Do we have too little economic data, or too much?

Counting cranes and railroad traffic.

The Financial Times' economics editor, Chris Giles, has found a new source of data, quietly released by the UK's Health and Safety Executive, which we really should have been checking as an indicator of recovery:

The HSE started requiring the operators of tower cranes – used for new office buildings, infrastructure, larger residential blocks and big public sector projects – to register their addresses in 2010, providing an invaluable snapshot of the building industry in action.

Sadly, the HSE's figures don't actually show a boom just around the corner. Instead, they highlight the gulf between the capital and the rest of the country:

…With London home to only one in eight people in the UK, it has seen more tower cranes notified to the HSE than all the rest of the UK put together. Almost eight in 10 cranes were in London, the southeast and the east of England.

And what national changes they do show aren't actually that good at all:

The total number of cranes registered with the HSE has been falling since 2010, reflecting the difficulties construction companies have faced and cuts in government school and hospital building programmes. In 2010 and 2011, an average of more than 130 new crane sites were notified each month, falling to fewer than 100 in 2012.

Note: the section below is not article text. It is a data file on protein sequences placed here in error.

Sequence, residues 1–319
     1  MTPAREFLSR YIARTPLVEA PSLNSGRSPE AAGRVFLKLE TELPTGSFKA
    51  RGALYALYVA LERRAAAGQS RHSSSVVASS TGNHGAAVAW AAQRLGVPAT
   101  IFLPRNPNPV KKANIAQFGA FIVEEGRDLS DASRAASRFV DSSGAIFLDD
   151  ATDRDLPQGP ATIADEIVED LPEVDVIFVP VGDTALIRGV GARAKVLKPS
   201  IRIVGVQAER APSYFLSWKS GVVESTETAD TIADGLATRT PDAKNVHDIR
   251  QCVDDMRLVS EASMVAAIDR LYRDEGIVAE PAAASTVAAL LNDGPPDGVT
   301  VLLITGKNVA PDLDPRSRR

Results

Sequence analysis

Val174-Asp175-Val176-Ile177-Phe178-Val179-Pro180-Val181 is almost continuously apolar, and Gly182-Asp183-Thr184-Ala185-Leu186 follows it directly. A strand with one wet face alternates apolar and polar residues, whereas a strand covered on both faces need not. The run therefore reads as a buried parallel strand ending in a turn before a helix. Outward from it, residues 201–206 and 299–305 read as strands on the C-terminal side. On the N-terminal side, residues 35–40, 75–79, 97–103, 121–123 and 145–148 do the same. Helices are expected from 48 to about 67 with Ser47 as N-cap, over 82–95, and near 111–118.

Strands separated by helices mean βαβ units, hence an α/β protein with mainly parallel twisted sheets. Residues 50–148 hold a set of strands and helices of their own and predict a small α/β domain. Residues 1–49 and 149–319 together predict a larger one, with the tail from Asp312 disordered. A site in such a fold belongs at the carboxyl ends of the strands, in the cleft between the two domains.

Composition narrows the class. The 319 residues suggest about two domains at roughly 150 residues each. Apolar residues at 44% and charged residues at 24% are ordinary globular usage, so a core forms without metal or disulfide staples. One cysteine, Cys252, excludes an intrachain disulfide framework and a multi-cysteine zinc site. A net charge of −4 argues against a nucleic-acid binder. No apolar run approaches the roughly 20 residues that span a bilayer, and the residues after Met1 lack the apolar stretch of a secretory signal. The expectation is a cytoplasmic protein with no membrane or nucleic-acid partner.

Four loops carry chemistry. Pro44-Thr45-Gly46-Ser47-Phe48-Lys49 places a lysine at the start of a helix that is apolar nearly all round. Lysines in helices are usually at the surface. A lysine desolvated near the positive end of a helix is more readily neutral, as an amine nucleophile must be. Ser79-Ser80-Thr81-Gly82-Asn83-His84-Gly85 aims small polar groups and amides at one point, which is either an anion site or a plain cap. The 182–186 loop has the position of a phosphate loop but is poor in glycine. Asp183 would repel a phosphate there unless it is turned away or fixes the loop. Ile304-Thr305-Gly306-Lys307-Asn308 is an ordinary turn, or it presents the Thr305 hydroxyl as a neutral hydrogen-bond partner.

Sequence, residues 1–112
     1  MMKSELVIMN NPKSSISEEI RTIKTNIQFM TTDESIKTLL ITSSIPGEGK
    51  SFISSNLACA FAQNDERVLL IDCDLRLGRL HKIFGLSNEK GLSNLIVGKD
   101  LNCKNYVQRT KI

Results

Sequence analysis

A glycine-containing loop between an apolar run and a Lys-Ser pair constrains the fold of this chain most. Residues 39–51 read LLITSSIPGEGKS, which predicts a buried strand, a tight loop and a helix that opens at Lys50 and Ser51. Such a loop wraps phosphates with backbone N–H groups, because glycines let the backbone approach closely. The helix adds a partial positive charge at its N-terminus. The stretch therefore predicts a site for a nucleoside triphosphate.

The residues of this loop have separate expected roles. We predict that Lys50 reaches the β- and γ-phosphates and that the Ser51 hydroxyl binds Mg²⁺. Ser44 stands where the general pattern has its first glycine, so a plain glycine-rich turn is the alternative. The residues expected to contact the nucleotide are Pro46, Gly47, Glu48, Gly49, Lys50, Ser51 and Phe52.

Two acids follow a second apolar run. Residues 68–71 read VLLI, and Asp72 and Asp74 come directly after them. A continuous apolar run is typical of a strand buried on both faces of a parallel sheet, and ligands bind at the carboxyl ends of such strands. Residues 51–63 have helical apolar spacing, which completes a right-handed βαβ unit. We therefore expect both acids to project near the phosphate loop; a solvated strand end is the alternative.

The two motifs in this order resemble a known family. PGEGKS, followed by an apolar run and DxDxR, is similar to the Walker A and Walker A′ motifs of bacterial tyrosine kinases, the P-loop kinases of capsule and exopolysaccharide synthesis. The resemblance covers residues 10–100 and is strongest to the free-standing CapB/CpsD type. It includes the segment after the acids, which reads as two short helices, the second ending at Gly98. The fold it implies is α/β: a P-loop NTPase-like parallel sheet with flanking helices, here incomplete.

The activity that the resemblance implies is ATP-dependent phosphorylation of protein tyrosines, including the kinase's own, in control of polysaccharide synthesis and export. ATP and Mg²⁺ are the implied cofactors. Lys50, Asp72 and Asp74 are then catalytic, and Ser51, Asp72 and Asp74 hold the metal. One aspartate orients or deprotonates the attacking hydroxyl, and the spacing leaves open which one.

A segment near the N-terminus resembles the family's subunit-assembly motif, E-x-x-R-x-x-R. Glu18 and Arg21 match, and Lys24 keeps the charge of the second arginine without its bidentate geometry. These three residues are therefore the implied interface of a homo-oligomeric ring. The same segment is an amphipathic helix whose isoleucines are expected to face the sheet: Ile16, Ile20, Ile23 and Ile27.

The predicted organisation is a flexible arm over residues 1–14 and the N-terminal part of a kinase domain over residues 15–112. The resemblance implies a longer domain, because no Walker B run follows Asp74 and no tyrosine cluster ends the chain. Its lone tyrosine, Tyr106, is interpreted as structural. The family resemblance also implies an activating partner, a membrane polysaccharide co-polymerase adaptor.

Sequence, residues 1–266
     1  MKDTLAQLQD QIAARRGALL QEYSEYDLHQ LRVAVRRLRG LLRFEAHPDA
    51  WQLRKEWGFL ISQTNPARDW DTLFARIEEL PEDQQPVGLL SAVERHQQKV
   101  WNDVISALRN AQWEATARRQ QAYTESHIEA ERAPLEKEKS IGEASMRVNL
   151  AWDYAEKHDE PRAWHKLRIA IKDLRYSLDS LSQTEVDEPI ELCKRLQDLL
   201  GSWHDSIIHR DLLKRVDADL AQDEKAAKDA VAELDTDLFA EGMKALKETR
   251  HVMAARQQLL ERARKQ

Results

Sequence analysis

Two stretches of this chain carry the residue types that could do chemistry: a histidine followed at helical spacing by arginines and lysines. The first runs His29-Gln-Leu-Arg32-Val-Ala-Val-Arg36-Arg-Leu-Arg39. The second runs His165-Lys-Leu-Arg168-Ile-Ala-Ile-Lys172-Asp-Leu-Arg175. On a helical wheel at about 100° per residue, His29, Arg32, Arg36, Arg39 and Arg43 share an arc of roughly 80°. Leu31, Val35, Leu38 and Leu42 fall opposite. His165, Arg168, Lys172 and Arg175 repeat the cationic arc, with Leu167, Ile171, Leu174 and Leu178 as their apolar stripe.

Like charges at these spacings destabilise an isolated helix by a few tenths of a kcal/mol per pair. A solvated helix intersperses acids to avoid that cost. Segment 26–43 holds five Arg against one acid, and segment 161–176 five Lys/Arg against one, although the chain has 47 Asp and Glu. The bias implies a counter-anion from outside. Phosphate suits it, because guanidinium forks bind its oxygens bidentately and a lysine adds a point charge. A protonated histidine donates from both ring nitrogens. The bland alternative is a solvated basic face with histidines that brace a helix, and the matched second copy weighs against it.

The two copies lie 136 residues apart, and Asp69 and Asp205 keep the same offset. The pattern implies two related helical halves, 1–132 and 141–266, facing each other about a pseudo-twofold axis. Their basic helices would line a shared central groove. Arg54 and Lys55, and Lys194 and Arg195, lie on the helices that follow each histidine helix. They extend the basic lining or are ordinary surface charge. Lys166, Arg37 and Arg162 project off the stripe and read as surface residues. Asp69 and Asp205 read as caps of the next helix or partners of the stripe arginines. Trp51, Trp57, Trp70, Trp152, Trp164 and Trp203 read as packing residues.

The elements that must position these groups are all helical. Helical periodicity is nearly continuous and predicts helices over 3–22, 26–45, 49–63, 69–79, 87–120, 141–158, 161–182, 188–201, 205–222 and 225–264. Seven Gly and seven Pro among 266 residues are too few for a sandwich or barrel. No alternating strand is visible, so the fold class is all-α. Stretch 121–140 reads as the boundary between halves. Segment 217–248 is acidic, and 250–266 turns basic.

It's interesting that journalists, in our need to be the first at everything, have reached the point of re-inventing the national statistics agency. Because while counting cranes is a canny way to get an indicator of where a sector of the economy is at, it's not all that new an idea.

In fact, back in the Great Depression, that was the only way to get anything done. FDR knew that he needed a more accurate way of judging whether his policies were working than just waiting and hoping that the recovery would be obvious; but without a modern statistics agency, he couldn't check the quarterly GDP figures or monthly unemployment figures. So the only way to get up-to-date information was to use proxies; in this case, by looking at railroad traffic, a proxy which is still reported to this day.

The tension is always there, because to actually get an accurate view of the economic situation takes an age. For instance, it now looks likely that when Nigel Lawson made his much-mocked "green shoots of recovery" comment in the early 1990s the economy was actually starting to grow; it was the figures which were incorrect, not the statement. But it took nearly a decade for the ONS to refine its data to the extent that it showed the true picture.